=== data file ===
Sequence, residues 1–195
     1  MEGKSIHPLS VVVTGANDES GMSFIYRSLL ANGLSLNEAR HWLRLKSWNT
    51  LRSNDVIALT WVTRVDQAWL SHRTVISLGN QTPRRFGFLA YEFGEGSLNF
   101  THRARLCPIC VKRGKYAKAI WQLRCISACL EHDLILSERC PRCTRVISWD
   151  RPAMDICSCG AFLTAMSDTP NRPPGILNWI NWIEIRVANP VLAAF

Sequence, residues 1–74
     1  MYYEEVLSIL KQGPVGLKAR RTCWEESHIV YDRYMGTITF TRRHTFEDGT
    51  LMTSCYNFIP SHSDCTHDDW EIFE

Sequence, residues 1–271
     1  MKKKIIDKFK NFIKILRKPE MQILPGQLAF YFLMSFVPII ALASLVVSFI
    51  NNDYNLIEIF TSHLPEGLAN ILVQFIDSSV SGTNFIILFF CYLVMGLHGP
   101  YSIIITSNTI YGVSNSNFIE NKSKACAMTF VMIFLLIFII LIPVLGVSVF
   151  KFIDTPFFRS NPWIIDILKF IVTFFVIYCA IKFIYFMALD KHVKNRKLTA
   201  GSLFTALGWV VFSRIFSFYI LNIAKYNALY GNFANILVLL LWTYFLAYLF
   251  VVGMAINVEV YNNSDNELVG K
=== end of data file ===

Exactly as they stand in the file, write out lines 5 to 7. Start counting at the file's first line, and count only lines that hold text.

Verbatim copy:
   151  RPAMDICSCG AFLTAMSDTP NRPPGILNWI NWIEIRVANP VLAAF

Sequence, residues 1–74
     1  MYYEEVLSIL KQGPVGLKAR RTCWEESHIV YDRYMGTITF TRRHTFEDGT